Demo 2 (Reinforcement Learning): A simple baseline tuned with CARBS solves most of ProcGen
Reinforcement learning algorithms are notoriously difficult to tune as they have many hyperparameters, including costinfluencing parameters such as the number of parallel environments, the number of passes over the data, and the network width. We empirically demonstrate that on challenging open problems such as OpenAI’s ProcGen suite, running CARBS on one of the simplest baselines, PPO ^{9} , leads to solving nearly the entire benchmark.
In detail: We use CARBS to tune a PPO baseline on each of the 16 tasks of the ProcGen benchmark. The results from the ProcGen paper are still the bestperforming published PPO hyperparameters, so we use that as our baseline. We also include the 2x and 4x width configurations as additional baselines. We note that all of these baselines were still tuned by the original authors—just not with CARBS. In the plots below, we normalize the scores to the maximum theoretical score on each task, although a perfect score is not necessarily actually achievable for all tasks. The results are shown below.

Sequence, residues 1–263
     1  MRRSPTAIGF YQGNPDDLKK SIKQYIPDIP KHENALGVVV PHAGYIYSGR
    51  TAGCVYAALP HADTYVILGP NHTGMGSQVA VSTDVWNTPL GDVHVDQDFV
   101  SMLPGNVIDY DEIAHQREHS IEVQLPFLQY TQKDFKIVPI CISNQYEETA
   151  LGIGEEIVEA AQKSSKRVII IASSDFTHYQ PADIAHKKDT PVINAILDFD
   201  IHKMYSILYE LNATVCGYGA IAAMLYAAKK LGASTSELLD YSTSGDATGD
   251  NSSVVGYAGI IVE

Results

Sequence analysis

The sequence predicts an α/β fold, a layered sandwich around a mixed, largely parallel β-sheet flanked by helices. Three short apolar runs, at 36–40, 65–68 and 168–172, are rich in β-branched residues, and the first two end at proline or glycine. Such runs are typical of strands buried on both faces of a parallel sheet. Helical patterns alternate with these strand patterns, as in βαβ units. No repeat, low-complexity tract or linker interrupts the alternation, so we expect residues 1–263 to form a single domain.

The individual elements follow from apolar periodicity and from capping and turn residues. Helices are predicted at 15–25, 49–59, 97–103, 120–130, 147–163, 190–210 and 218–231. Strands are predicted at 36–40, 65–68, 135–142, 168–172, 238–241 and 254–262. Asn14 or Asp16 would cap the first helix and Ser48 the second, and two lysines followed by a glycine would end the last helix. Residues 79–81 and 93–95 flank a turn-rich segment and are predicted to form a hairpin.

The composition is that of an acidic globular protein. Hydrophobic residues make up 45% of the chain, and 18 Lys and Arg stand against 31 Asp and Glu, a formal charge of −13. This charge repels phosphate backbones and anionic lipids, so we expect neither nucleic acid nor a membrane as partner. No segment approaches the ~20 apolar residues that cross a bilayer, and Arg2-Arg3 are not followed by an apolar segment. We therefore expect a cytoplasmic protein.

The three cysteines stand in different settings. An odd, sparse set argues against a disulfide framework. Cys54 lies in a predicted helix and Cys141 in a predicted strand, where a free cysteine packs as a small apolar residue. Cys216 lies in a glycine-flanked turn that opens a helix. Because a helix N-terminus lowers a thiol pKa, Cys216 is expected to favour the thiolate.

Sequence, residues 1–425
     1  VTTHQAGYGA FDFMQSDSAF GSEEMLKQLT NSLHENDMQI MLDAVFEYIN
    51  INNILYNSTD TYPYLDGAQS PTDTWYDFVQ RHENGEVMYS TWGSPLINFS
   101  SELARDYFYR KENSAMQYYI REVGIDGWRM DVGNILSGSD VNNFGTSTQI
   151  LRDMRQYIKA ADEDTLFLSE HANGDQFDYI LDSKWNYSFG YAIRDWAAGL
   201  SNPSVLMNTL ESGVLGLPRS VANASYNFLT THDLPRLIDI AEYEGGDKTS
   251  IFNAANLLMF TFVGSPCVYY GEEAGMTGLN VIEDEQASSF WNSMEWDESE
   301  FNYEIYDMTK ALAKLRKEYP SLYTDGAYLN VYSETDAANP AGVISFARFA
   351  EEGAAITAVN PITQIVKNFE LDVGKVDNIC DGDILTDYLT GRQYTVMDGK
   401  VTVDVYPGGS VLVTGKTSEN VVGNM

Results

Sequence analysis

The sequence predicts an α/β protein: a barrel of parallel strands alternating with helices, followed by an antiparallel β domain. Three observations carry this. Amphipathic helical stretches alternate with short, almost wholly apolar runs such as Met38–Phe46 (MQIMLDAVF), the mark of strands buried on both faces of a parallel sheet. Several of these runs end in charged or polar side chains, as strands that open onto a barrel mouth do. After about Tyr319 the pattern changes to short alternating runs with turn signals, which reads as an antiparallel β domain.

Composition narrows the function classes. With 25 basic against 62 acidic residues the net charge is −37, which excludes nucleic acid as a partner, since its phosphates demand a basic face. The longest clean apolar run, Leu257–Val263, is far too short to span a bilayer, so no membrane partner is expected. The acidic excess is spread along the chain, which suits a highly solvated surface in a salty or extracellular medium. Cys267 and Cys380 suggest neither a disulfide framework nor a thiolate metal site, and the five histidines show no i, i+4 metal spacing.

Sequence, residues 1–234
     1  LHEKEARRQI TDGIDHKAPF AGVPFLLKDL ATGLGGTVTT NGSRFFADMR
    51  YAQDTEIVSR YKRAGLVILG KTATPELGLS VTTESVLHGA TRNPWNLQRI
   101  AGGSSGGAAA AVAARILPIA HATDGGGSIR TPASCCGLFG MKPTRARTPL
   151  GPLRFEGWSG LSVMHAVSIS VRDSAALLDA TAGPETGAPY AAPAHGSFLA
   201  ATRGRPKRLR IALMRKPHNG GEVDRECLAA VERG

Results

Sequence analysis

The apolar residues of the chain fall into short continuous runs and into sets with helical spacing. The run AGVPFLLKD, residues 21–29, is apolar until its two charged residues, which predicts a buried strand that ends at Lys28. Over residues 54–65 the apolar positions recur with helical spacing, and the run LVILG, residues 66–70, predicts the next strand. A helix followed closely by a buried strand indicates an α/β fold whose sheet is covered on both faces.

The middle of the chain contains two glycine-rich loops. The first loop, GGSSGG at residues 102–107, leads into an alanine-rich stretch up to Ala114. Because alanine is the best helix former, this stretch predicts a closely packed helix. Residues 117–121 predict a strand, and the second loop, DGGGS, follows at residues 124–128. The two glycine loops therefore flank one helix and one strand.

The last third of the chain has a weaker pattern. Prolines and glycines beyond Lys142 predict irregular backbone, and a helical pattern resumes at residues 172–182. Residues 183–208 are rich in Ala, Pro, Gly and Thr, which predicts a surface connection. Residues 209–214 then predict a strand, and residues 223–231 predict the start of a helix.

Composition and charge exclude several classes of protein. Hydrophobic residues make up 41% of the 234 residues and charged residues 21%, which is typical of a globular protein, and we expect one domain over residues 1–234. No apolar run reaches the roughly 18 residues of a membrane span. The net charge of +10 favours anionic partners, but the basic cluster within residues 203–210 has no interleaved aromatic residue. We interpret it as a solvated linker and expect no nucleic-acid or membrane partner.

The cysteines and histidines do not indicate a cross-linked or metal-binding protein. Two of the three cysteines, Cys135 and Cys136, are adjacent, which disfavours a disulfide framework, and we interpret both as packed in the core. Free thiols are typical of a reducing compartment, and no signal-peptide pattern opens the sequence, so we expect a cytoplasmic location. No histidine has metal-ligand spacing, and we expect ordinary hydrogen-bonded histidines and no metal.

Top: Normalized score vs. training time in GPUhours. These results show that CARBStuned PPO achieves the same performance with 4x less cost and performs >16% better than the previous SOTA.